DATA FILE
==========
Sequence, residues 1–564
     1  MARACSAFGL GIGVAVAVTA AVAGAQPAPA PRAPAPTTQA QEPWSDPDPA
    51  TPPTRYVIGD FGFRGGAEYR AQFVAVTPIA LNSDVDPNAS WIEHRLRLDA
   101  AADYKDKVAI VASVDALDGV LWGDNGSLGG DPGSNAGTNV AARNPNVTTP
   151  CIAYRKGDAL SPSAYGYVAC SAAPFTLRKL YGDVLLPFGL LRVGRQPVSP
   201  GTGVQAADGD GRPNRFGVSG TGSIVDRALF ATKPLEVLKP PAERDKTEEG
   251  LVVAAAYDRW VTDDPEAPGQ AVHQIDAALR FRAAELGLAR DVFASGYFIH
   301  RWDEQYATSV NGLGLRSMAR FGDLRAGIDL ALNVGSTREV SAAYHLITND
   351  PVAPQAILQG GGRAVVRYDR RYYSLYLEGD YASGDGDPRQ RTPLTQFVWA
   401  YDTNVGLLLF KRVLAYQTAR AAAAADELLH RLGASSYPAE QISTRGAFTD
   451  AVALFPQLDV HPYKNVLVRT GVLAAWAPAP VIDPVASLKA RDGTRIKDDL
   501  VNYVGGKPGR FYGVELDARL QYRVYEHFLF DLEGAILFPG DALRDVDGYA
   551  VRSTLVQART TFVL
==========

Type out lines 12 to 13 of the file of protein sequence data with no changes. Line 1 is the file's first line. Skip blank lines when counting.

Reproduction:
   501  VNYVGGKPGR FYGVELDARL QYRVYEHFLF DLEGAILFPG DALRDVDGYA
   551  VRSTLVQART TFVL